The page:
I have been going down to Pat Haven probably once a week with the dog this Spring.
There hasn't been much in the way of rare birds but there has been a few decent ones to keep me interested including common waders yellow wagtails barn owl and a pair of grey partridges I saw them nearly every time I went down and they were usually on the track and flew over the drain and into the next field.
I know they have had a hard time just lately and I thought it would be nice if they managed to breed.
I went down last night and noticed that the bank and one side of the access road had been harshly cut back and I accept that prolonged weed growth might lead to erosion of the flood defence.
However I thought that it might be somewhat inappropriate to carry out such a harsh cut over such a large area at what is probably the height of the breeding season. Why couldn't the cut be done say at the end of July or in August?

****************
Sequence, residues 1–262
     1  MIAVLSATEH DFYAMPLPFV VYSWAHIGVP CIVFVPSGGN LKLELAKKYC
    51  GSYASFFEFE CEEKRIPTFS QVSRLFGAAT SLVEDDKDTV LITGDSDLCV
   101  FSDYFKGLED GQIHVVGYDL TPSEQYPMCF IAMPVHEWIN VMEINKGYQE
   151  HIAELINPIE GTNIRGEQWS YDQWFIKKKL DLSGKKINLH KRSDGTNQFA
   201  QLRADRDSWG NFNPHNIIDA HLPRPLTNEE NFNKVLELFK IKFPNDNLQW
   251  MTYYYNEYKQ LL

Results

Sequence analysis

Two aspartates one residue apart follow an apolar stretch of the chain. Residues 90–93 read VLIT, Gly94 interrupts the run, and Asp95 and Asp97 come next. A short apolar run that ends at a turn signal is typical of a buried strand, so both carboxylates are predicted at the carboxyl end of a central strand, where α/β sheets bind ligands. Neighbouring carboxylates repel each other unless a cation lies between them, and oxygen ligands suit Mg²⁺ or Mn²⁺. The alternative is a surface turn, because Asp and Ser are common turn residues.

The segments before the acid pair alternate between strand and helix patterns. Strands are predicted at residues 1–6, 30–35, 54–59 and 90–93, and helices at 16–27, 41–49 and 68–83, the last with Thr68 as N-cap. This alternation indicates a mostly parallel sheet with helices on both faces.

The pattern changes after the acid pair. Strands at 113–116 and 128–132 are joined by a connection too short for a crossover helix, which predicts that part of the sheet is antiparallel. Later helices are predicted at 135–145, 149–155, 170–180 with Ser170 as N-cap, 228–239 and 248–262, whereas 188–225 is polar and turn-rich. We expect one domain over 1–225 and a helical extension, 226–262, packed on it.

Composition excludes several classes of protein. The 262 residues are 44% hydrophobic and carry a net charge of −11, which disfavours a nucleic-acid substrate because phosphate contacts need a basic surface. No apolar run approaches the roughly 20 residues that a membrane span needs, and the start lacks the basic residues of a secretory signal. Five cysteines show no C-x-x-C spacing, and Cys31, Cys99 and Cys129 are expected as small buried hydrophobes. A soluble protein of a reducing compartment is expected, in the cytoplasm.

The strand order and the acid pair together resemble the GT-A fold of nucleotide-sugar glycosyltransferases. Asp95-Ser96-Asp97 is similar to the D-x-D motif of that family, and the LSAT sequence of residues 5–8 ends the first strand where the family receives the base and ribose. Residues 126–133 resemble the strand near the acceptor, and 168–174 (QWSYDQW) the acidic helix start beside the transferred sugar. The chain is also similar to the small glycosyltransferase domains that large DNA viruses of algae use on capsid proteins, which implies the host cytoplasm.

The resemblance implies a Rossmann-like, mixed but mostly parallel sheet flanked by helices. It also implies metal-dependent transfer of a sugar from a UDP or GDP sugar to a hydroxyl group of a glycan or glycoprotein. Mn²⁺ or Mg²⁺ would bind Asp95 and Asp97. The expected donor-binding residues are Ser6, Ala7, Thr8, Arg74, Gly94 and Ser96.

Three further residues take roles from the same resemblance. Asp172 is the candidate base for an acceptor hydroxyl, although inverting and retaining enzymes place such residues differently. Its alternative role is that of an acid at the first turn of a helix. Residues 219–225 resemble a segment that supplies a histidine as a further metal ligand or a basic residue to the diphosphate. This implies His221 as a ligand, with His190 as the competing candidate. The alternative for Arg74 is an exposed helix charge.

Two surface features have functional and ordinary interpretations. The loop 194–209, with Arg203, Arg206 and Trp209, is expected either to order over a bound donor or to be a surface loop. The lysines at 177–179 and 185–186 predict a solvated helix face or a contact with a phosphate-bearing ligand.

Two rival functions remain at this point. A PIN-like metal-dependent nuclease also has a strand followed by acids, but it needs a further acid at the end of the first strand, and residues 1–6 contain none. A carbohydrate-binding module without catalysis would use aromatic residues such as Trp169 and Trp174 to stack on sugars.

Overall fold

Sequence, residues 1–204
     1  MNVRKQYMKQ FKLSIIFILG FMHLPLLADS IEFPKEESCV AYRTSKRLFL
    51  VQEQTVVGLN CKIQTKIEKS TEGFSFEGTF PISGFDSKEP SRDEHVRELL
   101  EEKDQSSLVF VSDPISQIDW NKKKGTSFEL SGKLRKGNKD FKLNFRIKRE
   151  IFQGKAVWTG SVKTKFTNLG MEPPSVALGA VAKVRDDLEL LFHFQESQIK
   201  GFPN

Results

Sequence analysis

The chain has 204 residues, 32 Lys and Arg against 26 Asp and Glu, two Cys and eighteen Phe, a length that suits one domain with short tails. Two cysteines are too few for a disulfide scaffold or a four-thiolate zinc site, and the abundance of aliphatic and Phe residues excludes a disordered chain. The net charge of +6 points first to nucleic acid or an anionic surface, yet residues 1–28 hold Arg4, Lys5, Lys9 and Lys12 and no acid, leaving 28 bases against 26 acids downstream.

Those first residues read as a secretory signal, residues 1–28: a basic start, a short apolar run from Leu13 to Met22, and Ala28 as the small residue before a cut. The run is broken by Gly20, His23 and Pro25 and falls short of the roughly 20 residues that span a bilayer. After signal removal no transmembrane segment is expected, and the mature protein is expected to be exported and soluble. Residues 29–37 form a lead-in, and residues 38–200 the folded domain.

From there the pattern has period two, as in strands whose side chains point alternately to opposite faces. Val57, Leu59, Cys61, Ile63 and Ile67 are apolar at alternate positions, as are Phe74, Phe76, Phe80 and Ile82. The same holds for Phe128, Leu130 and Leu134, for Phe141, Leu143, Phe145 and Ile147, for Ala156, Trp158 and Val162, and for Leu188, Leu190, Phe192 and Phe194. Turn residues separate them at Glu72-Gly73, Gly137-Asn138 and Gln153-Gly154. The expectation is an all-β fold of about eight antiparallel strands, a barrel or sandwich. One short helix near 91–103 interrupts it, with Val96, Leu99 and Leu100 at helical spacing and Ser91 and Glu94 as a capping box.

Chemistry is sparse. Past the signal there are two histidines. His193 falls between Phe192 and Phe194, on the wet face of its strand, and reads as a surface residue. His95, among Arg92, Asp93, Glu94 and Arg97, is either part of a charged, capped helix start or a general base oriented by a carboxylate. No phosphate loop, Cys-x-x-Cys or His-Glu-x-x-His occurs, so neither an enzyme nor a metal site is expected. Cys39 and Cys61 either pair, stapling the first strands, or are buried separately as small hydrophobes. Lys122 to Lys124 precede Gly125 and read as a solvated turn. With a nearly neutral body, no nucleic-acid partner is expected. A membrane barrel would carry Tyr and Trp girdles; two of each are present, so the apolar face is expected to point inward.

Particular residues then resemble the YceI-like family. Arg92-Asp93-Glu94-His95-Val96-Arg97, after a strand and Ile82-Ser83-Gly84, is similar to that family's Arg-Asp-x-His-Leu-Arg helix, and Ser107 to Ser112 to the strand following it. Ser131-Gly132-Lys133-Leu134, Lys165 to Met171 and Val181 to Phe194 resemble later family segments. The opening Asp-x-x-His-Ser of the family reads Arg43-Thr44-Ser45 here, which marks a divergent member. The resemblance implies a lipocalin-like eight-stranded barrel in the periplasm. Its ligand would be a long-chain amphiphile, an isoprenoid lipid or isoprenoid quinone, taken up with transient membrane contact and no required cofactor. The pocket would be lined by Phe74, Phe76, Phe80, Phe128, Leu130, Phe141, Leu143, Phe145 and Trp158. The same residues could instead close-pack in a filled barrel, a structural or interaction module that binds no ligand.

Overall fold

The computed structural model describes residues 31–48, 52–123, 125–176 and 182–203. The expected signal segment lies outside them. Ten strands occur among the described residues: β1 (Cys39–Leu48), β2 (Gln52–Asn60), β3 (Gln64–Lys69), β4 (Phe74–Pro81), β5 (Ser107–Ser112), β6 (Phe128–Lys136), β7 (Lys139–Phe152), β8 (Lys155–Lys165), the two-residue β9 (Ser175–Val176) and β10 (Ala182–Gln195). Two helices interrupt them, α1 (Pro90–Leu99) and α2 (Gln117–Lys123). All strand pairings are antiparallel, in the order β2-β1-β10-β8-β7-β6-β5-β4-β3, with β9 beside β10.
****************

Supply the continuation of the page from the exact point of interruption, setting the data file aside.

Anyway I went back again tonight and this time they had cut the other side of the track-i couldn’t see what advantage they would gain from this.
About half way down I saw the corpse of a bird and initially I thought it was an owl, looking closer I could see it was one of the grey partridges, I thought it strange that it could have been caught by the mower ,then I saw why.
There was a clutch of eggs about 2 feet away.
I can only conclude that the female partridge knew of the imminent danger as the mower approached and stayed with her clutch in the vain hope of protecting them.
To see the dead bird and smashed clutch of eggs made me feel sick to the stomach.
This was an avoidable occurrence.
In my opinion I cannot see any viable reason for the cut to be done at a later time in the year.
This did not happen by accident. This was part of a managed plan of work.
Clearly those responsible for instigating this type of action do not give a shit about the consequential damage to the environment.
The saddest part about it? The male bird surveying the wreckage of his family as I walked back up the track.